'After eight years at RTE, I almost felt like a traitor walking into the TV3 launch and was so awkward and unsure for the first few minutes.
Then everyone came over and started hugging me and welcoming me, and I immediately felt at home. And the icing on the cake was when Jeremy Kyle appeared, because he's absolutely my guilty pleasure. I love him. Mind you, I could have done without him telling the whole audience that I was wearing Spanx that day."
I'm having tea in the courtyard of the Stillorgan Park Hotel with Lucy Kennedy, the new darling of TV3, and we're discussing her surprise departure from RTE. Coming so closely after Pat Kenny's defection to Newstalk earlier this month, one imagines that RTE's ego must be pretty dented at this stage with its high-profile losses. So what made lovely Lucy decide to make the leap?
"The thing is that everyone always presumes that RTE is the best gig in town, but that is not the case," she says. "I was very happy while I was there, but they weren't in a position to offer me what I was looking for, and then TV3 came along with an offer that ticked all of the boxes. They're showing me the love -- actually, they've shown me more love in the past week and a half than RTE did in eight years. They came in and swept me off my feet, and they had me at, 'Would you like the afternoon show?'"
Lucy had enjoyed a great relationship with her old RTE boss, Steve Carson, and was in and out to him pitching ideas and proposals over the years. However, she was out of contract since last August, and had only done two small projects with RTE since then, but luckily she has great corporate clients too.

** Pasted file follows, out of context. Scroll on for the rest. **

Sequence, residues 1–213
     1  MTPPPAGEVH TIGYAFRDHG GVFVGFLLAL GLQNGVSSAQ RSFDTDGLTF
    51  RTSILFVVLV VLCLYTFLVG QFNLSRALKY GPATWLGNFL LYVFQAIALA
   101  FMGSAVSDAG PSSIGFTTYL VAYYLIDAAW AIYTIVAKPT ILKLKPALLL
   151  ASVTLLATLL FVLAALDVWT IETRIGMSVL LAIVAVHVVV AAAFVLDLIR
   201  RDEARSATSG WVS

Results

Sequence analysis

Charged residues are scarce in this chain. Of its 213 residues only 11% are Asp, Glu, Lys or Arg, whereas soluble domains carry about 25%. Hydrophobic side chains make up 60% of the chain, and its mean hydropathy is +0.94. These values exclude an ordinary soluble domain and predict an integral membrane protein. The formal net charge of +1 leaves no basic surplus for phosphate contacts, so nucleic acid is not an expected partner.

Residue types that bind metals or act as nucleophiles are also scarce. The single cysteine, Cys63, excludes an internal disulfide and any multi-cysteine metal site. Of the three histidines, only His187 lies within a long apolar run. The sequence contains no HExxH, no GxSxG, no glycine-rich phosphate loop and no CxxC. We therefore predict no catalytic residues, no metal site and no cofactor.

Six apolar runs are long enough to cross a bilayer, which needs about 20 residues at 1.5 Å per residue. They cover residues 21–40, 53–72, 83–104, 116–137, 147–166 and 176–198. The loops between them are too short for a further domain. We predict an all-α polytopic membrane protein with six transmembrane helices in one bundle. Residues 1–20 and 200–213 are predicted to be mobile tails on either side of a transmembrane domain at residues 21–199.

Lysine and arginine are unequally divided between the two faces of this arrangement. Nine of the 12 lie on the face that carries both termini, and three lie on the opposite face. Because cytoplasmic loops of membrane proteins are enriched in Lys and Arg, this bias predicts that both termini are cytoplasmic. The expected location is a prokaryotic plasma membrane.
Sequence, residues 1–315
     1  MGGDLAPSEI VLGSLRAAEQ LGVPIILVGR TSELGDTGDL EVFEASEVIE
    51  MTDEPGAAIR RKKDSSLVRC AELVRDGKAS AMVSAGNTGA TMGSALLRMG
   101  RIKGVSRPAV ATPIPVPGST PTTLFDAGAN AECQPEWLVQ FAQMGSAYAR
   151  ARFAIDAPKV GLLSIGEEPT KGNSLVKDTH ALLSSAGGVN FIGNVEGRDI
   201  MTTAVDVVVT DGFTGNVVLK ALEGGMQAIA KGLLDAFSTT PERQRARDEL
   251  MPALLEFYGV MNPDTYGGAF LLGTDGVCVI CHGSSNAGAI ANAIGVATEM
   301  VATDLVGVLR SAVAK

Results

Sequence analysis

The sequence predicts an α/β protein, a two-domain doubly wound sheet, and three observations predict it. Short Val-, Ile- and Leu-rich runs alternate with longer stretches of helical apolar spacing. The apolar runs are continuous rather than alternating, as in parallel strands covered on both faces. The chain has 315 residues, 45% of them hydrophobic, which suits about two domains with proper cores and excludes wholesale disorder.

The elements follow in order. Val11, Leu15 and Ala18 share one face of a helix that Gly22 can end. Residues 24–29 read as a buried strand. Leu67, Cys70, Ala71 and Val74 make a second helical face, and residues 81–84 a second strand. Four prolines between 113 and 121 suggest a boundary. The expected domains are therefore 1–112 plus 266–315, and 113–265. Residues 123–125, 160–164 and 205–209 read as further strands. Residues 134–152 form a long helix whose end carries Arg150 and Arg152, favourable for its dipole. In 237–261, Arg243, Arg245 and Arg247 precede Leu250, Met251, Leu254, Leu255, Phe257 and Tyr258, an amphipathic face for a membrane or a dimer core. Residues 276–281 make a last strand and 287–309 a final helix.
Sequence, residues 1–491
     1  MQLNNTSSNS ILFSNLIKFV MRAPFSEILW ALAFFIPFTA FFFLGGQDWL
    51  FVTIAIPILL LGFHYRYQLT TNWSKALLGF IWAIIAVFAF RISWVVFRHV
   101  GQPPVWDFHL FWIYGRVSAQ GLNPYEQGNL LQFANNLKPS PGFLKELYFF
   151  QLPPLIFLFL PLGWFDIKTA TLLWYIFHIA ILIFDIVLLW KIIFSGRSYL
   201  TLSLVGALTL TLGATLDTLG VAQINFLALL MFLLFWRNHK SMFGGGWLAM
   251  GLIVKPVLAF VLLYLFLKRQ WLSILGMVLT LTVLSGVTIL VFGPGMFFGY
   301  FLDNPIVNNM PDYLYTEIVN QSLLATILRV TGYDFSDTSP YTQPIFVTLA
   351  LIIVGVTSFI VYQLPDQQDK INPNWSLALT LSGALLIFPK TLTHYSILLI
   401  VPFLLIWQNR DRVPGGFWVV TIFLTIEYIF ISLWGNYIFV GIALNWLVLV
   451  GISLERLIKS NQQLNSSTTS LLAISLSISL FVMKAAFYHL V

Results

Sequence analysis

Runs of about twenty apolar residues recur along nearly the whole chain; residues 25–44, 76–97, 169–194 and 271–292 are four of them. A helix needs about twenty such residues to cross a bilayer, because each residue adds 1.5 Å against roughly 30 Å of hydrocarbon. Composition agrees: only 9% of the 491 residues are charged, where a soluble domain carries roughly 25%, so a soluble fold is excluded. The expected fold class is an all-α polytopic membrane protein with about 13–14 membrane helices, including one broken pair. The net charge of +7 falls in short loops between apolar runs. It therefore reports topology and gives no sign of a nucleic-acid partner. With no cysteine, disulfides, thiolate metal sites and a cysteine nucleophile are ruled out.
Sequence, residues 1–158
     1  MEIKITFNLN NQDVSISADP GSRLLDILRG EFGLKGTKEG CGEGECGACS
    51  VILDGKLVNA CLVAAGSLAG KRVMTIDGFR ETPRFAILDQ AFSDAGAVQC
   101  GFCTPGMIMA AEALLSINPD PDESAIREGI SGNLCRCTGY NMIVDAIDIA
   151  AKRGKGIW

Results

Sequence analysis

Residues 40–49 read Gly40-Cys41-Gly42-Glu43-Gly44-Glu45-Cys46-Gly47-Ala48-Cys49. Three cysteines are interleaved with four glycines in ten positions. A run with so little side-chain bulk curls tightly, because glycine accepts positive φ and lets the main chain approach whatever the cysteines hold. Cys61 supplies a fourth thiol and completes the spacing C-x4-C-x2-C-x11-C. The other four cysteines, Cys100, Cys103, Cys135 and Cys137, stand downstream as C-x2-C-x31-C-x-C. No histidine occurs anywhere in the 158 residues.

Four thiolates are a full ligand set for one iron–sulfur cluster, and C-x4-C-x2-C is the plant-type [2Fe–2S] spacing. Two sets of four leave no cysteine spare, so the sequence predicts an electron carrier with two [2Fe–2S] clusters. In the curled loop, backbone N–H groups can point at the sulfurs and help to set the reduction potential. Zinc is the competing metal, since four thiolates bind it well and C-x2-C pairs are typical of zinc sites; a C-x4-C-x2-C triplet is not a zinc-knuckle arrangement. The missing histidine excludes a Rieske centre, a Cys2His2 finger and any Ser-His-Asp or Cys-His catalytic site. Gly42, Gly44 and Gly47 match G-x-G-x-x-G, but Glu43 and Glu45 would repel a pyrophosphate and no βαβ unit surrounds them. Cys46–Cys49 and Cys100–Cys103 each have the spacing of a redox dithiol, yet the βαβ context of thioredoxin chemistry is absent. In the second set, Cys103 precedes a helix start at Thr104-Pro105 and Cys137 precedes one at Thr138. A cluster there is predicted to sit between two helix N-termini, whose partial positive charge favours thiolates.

"I did tell Steve that I was considering pitching to TV3, so I was very upfront about it," she says. "Even so, I imagine it may still have come as a shock to them when they realised that I had gone."
In the end, TV3 approached Lucy about being co-presenter of the new afternoon show, Late Lunch Live, with Martin King. It was all a bit of a whirlwind, because the first screen test was done on the Friday evening of the August bank holiday, and by last Thursday, Lucy was being unveiled as the jewel in the crown of the station's autumn schedule.
She's thrilled, she says, because she was looking to present a magazine-type show, the hours will suit perfectly around her two small children, and she is a big fan of King, whom she feels is very sincere and down-to-earth. One wonders whether RTE will scratch its head and question why it didn't do more to keep her?
"Well, they had their chance," she smiles.
"There's a saying that you don't know how much you love someone until you lose them, and I hope RTE realises that now. Often when I pitched ideas, they'd tell me that they couldn't do them due to budget restrictions, and if I said that I'd pitch them to TV3, they'd say, 'OK, Luce.' I think they always thought I was bluffing about going to TV3, and I don't think they genuinely thought I would do it. I still think they're probably in denial, and won't believe it until they see me on the couch with Martin King."
All of this is delivered with a laugh, because Lucy understands how the industry and budgets work, and is not bitter towards her former employers. She also understands that making the move from the national broadcaster is a big gamble, and that the door may not remain open for her return.
"Generally, once you swap, you swap for life, so I had to be sure," she admits. "I was sure, and I am sure."
While she's poised to make a whole lot of bessie mates out in Ballymount, she won't be forgetting her old pals at Montrose, principally Daithi O Se, Baz Ashmawy, Kathryn Thomas, Sile Seoige, and Colm Hayes.